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Diseases and Conditions
Diaper rash
From MayoClinic.com
Special to CNN.com

Introduction

You start to change your baby's diaper, and there it is — a patchwork of bright red skin on your baby's bottom. Don't panic. What you're seeing is most likely diaper rash, a common form of inflamed skin (dermatitis).

Most infants develop a diaper rash at some time or another; some even arrive home from the hospital with a slight rash. Diaper rash may be more common after solid foods are added to your baby's diet or when your baby is taking antibiotics. Other factors that can lead to diaper rash include continuously wet or infrequently changed diapers, diarrhea and the use of plastic pants to cover a diaper. Diaper rashes can occur intermittently, anytime while your child wears diapers, but they're more common in babies during their first 15 months, especially between 8 and 10 months of age.

Diaper rash can alarm parents and annoy babies, but fortunately most cases disappear after a few days with simple home treatments.

Signs and symptoms

Diaper rash is characterized by red, puffy and perhaps slightly warmer skin in the diaper region — buttocks, thighs and genitals. You may notice your baby seems more uncomfortable than usual, especially during diaper changes. A baby with a diaper rash often fusses or cries when the diaper area is washed or touched.

Causes

Diaper rash can be traced to a number of causes, including:

  • Irritation from stool and urine. Prolonged exposure to urine or feces can irritate a baby's sensitive skin. Your baby may be more prone to diaper rash if he or she is experiencing frequent bowel movements, because feces are more irritating than urine.
  • Introduction of new foods. As babies start to eat solid foods, generally when they're between 4 and 12 months old, the content of their stool changes, increasing the likelihood of diaper rash. Changes in your baby's diet can also increase the frequency of stools, which can lead to diaper rash. If you're breast-feeding, your baby may develop diaper rash in response to something you've eaten, such as tomato-based foods.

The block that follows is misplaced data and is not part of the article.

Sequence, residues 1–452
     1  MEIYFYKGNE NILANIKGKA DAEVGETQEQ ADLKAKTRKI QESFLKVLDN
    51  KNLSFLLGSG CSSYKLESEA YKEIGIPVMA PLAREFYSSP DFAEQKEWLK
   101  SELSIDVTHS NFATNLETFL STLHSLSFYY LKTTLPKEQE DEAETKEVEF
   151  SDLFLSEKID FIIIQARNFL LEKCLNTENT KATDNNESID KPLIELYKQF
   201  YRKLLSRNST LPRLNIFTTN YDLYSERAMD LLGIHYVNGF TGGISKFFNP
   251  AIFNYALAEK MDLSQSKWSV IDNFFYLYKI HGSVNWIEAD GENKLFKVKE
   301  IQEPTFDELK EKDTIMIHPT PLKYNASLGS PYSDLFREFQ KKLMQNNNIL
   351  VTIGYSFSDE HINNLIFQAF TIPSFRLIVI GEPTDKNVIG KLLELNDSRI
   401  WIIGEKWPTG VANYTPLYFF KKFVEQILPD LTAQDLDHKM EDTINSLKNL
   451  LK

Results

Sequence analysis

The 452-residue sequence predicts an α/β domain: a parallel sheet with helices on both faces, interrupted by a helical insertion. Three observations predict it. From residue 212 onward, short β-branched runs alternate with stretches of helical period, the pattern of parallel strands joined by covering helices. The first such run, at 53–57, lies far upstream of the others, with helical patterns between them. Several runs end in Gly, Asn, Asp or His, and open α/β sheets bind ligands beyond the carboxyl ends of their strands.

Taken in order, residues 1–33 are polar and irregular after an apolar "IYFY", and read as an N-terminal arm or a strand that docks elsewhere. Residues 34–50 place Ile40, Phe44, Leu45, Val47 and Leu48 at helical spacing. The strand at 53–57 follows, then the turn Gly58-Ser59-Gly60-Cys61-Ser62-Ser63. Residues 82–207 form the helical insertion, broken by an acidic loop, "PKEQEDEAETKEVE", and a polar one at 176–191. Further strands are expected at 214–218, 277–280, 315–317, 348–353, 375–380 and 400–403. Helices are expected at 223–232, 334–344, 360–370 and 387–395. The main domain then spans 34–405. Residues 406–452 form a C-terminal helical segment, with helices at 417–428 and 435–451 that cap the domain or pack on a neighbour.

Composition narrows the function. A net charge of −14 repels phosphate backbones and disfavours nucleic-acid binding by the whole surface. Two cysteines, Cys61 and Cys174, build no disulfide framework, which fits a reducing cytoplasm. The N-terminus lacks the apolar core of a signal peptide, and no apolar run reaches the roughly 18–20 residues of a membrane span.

• Irritation from a new product. Disposable wipes, a new brand of disposable diaper, or a detergent, bleach or fabric softener used to launder cloth diapers can all irritate your baby's delicate bottom. Other substances that can add to the problem include ingredients found in some baby lotions, powders and oils.
  • Bacterial or yeast (fungi) infection. What begins as a simple skin infection may spread to the surrounding region. The area covered by a diaper — buttocks, thighs and genitals — is especially vulnerable to this tendency because it's warm and moist, making a perfect breeding ground for bacteria and yeast. These rashes generally start within the creases of the skin, and there may be red dots scattered around the creases.
  • Sensitive skin. Babies with skin conditions, such as atopic dermatitis or eczema, may be more likely to develop diaper rashes. However, the irritated skin of atopic dermatitis and eczema commonly affects more than just the diaper area.
  • Chafing or rubbing. Tightfitting diapers or clothing that rubs against the skin can lead to a rash.
  • Use of antibiotics. Antibiotics kill bacteria — both bad and good. Without the right balance of good bacteria, however, yeast infections can occur. This can happen when babies take antibiotics or when mothers, who are breast-feeding their infants, are taking antibiotics.

When to seek medical advice

Diaper rash is usually easily treated and improves within several days after starting home treatment. If your baby's skin doesn't improve after a few days of home treatment with over-the-counter ointment and more frequent diaper changes, talk to your doctor. Sometimes, diaper rash leads to secondary infections that may require prescription medications. Have your child examined if the rash is severe, worsens despite home treatment or occurs along with any of the following:

  • Fever
  • Blisters or boils
  • A rash that extends beyond the diaper area
  • Pus or weeping discharge
  • Rashes that don't respond to home treatment

Treatment

The best treatment for diaper rash is to keep your baby's skin as clean and dry as possible. If your baby's diaper rash persists during home treatment, your doctor may prescribe an antifungal cream or possibly a mild hydrocortisone cream. Diaper rashes usually require several days to improve and can continue for weeks. If the rash persists despite prescription treatment, your doctor may recommend that your baby see a dermatologist.